The last few years have spurred a sense of urgency when it comes to tackling global warming and the fatal consequences that come with it. From worldwide protests, the war on plastic and an onslaught of scientific reports detailing the many ways the crisis could develop – climate change has rightfully become a big deal.
But as the climate crisis moves to the forefront of political and social discourse, the visibility of indigenous people and communities of colour that have long been fighting the good fight have been increasingly ignored. This became all too obvious last week when the Associated Press came into fire for cropping out a picture of Ugandan climate activist Vanessa Nakate.
The 23-year old activist recently attended a joint press conference at the World Economic Forum in Davos, Switzerland. The press conference included the likes of other young activists such as Greta Thunberg, Loukina Tille, Luisa Neubauer and Isabelle Axelssom. After the event, the news agency published a photo of the group, cropping out Nakate and only including the four white activists.
Speaking to Buzzfeed, Nakate expressed her disappointment: “I cried because it was so sad not just that it was racist, I was sad because of the people from Africa. It showed how we are valued.”
While the Associated Press has since replaced the picture and issued an apology, the situation has called into question: how do racial biases manifest in these activism spaces?
‘Greta of India’
Since the rise of climate superstar Greta Thunberg, western media outlets have taken any opportunity to compare every young climate activist to the 16-year-old Swedish native – despite undeniable differences and unique perspectives – in efforts to whitewash the climate movement.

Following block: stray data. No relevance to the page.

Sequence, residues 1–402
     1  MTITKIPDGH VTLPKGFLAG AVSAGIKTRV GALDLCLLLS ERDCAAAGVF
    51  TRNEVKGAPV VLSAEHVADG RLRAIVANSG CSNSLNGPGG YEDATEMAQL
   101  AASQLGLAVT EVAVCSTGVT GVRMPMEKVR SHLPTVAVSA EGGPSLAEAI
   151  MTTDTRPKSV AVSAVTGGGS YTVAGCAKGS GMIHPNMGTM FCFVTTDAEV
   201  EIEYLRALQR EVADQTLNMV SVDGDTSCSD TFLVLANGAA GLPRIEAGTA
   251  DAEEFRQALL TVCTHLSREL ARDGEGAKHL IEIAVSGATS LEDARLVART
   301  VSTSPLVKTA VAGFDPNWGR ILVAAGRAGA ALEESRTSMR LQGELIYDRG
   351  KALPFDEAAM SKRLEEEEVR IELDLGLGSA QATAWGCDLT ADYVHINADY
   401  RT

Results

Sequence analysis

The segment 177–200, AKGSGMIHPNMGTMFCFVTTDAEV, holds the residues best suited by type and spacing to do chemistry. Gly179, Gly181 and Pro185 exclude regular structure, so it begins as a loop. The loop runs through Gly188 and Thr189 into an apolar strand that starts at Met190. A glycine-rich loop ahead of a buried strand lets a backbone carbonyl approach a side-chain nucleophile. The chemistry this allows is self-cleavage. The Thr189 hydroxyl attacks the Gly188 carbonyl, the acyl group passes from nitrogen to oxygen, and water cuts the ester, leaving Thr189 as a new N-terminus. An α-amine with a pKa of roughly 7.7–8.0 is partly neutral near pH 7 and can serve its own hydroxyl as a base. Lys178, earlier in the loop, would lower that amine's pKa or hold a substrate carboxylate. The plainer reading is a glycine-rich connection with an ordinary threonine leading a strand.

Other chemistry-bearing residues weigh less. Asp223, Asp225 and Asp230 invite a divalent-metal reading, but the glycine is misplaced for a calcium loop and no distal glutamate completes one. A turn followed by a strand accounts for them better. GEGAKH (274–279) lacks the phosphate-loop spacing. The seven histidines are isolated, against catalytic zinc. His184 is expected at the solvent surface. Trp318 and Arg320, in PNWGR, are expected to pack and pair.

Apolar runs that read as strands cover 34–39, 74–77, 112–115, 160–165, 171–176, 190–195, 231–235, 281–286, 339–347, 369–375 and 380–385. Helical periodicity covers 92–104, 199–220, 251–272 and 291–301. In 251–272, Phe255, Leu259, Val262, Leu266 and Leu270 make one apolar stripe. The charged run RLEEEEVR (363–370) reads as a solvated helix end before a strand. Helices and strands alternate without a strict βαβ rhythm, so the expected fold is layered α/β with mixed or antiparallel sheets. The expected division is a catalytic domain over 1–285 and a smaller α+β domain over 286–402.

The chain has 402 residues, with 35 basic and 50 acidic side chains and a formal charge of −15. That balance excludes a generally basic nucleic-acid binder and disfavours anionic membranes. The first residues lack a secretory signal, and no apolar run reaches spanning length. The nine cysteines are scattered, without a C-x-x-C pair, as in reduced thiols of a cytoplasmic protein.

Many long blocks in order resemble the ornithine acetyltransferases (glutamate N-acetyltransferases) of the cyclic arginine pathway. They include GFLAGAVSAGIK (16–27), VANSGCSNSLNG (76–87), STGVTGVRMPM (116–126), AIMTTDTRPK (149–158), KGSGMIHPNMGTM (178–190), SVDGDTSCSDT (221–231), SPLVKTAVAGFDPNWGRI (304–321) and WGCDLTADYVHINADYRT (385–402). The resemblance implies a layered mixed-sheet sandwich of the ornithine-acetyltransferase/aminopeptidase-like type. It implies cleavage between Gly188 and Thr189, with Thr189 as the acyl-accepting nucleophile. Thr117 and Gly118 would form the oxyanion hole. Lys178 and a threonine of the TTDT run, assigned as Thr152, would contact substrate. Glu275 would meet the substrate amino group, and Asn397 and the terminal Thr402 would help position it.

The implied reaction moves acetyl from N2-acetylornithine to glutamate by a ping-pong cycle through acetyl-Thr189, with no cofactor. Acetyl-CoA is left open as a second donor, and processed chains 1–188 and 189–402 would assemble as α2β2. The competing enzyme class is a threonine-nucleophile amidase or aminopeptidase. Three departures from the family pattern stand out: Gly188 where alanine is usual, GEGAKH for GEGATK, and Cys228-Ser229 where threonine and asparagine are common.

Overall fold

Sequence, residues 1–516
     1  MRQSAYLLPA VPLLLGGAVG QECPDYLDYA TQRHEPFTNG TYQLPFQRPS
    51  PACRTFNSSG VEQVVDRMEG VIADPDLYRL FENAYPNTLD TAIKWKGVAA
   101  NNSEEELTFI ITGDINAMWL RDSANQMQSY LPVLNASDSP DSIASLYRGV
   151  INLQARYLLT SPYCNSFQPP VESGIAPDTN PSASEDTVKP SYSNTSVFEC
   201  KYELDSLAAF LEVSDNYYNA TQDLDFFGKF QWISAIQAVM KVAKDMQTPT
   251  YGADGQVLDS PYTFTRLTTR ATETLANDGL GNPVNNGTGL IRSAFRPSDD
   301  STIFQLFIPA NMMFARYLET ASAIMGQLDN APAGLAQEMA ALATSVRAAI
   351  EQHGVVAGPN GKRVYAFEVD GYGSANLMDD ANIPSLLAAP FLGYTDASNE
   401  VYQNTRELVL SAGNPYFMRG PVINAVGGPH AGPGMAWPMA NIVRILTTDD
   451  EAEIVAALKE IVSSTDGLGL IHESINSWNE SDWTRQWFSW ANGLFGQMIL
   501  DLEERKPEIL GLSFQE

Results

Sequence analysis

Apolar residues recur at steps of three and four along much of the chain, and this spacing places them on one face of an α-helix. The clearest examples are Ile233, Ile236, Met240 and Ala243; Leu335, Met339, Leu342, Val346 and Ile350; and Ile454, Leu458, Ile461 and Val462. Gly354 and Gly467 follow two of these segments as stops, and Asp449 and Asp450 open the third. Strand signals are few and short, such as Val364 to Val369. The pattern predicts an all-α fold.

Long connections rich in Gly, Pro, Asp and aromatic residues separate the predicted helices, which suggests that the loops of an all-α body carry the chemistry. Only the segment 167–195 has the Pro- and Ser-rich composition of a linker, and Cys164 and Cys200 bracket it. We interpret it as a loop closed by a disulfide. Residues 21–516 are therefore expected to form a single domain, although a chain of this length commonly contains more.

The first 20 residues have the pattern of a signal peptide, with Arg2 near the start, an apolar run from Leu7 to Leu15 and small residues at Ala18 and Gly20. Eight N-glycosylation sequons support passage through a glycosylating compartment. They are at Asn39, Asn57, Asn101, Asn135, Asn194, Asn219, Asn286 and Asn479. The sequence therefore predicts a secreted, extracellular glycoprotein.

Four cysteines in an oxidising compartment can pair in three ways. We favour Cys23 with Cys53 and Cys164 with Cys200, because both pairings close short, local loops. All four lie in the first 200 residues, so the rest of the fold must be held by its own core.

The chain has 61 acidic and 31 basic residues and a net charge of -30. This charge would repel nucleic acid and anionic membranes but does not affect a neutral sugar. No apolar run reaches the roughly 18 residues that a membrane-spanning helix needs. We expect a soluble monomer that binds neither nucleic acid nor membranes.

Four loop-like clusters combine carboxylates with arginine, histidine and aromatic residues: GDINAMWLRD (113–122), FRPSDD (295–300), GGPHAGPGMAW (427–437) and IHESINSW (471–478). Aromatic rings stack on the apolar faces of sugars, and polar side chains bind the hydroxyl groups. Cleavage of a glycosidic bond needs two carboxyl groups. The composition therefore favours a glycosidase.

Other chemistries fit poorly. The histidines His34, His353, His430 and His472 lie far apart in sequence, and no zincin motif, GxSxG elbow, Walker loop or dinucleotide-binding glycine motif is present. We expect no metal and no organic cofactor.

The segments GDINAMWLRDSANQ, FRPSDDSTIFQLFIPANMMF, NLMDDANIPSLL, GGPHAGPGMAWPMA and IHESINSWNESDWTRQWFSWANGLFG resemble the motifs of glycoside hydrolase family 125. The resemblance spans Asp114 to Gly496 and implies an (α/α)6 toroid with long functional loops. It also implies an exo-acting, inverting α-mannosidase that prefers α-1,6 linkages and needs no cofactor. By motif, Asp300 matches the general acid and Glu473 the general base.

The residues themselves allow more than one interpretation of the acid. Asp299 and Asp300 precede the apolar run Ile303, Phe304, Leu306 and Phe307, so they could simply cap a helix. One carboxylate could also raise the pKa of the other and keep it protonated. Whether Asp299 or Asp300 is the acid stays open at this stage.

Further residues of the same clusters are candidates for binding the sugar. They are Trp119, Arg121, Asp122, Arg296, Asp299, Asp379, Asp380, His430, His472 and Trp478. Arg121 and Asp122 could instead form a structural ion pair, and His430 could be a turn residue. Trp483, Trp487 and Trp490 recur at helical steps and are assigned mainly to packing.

Recently, 8-year-old Indian climate activist Licypriya Kangujam was on the receiving end of the Thunberg comparison, which she quickly called out the media for.
“Stop calling me ‘Greta of India’. I am not doing my activism to look like Greta Thunberg. Yes, she is one of our inspirations and a great influencer. We have a common goal but I have my own identity, story,” she said on Twitter. “If you call me “Greta of India”, you are not covering my story. You are deleting a story.”
Kangujam also iterated that her climate work predated Greta’s and she has had to make sacrifices, like dropping out of school when she was seven, because of it. Not only has she spoken in 21 countries, but she also started an organisation called ‘Child Movement’ in order to appeal to world leaders to take action. In the media’s rush to name the next Greta, they fail to understand that activists from the Global South have already been doing the work out of necessity and survival.
The comparison also furthers the narrative that people from the Global South are helpless and must look to the west for forward-thinking approaches and innovation. In reality, less developed nations have always had to take the climate crisis seriously because they’re affected the most. While western nations scramble to implement some type of ban on plastic bags, Bangladesh introduced the world’s first ban in 2002.
Greta’s influence is undeniably remarkable but she isn’t the youngest or the first to walk in her shoes. Many have come before her, to little recognition, and continue to silently do the work because it disproportionately affects their communities and livelihoods. Western media outlets must do better in accurately depicting what climate justice looks like. Firstly, by amplifying the voices of those already affected instead of those they believe fit a certain narrative.
While climate change affects us all, establishment media’s blatant racial bias threatens the unity that is required to tackle this global issue.
Photo Credit: The Hill
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